If you’re looking to make healthier food choices, understanding the glycemic index of foods is a good place to start. This index assigns each food an individual number that measures its effect on blood sugar levels and can help steer people toward more nutritious meal choices. In this article, we will see how specific cooking methods and seasonings can be used to lower the glycemic index of a given food, in order to achieve healthy and balanced meals!
Lower the glycemic index of foods by choosing the right cooking method.
The effect of cooking on the glycemic index of starchy foods is an incredibly powerful factor in helping to lower its measurement. For example, as nutritional coach Didier D’Iribarne explains, “the impact of cooking is very important on the glycemic index of starches because the starch will become gelatinous and take on a sticky texture. It is going to be digested much faster and therefore very quickly in the form of glucose”, which leads to an increase in its GI measurement.
An example that further proves this point is potatoes. According to experts, potatoes steamed with their skins on can have a GI as low as 65. On the other hand, if they are fried – in the form of fries or crisps – their GI can reach 95, an increase of almost 50%.
Besides steaming or boiling starchy foods like pasta and rice, you can also use slow cooking and roasting. Slow cooking helps break down complex carbohydrates and starches into simpler forms, making them easier for your body to digest, while roasting helps reduce the water content, which further slows digestion and fat loss. absorption.
In addition, the addition of certain ingredients such as fat and fiber can also help reduce the glycemic index of foods for two reasons: On the one hand, fats take longer for our body to digest than carbohydrates ; on the other hand, factors like fiber can also slow down digestion by absorbing water in our digestive system, forming a gel-like substance that prevents glucose from entering our bloodstream too quickly, lowering the level of glycemic index.
Lower the glycemic index of foods by choosing the right accompaniment.
The accompaniment is another important factor that influences the GI of a food. Fiber-rich foods can help lower the GI and scavenge carbs, meaning when eating a starchy carb it’s ideal to pair with veggies or raw veggies – have a quarter of the a plate of starches with half the plate of vegetables can help slow digestion overall.
Adding fat and protein also helps slow digestion, as do acidic foods such as lemon, vinegar, lacto-fermented vegetables like pickles, and sourdough in bread. In addition to slowing down digestion, acid has the added benefit of improving the ability to absorb nutrients from food.
Research has also shown that certain spices and herbs can affect blood sugar control by slowing gastric emptying and altering carbohydrate absorption in the small intestine. Some of these spices include cinnamon, black pepper, garlic, and fenugreek, all of which can be added to various dishes depending on personal preference.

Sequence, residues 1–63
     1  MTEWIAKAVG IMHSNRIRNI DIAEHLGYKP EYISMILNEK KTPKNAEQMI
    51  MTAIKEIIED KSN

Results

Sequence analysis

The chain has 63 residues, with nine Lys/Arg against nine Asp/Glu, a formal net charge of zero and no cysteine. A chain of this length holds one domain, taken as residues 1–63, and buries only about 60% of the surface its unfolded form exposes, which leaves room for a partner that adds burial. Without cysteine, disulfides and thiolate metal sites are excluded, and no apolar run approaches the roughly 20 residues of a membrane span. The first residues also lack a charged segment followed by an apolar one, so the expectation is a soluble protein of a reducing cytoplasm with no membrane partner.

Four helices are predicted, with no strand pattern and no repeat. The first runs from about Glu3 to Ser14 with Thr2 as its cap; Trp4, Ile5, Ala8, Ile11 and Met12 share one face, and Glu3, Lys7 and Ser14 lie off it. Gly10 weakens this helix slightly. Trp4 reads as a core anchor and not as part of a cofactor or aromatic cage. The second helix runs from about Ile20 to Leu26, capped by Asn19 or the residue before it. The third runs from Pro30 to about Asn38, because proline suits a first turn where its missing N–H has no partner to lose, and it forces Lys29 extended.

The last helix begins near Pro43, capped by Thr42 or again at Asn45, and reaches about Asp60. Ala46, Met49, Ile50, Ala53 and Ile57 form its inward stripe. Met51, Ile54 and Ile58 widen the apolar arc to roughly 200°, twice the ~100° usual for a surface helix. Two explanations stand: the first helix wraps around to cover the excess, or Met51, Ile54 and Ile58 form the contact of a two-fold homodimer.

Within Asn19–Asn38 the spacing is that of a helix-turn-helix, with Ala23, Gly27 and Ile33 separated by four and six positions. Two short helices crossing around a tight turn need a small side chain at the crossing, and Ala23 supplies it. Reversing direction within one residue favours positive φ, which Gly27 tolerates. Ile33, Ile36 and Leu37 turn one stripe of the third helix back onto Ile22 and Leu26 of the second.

Additionally, adding nuts and seeds to meals can also lower postprandial blood sugar levels, as they contain dietary fiber that helps control blood sugar. Finally, replacing refined carbs with legumes like beans and lentils is another way to lower glycemic index and load.
Lower the glycemic index of foods through seasoning.
One of the ways is seasoning. By choosing healthy oils such as first cold pressed olive oil, unrefined rapeseed oil or flaxseed oil (particularly rich in omega 3 fatty acids), you can reduce the GI of your meals, as these oils do not raise your blood sugar levels. However, it is important to note that two of these oils (canola oil and flaxseed oil) should not be heated as this will alter their properties and potentially increase their GI.
In addition to lowering the glycemic index of your foods, seasoning with healthy oils can also provide additional health benefits. For example, olive oil is an excellent source of monounsaturated fats and antioxidants that have been linked to reduced risk factors for many diseases, including heart disease and diabetes. Canola oil contains high amounts of omega 3 fatty acids which can help reduce inflammation in the body, while flaxseed oil contains lignans which have been linked to anticancer properties, among other benefits.
Overall, seasoning your foods with healthy oils is an effective way to lower their glycemic index while providing valuable health benefits. However, it is important to understand that not all oils are created equal and some of them (such as canola and flaxseed oil) should not be heated due to their sensitive nature. As always, it’s best to consult a doctor or nutritionist before making any changes to your diet and lifestyle to ensure optimal health.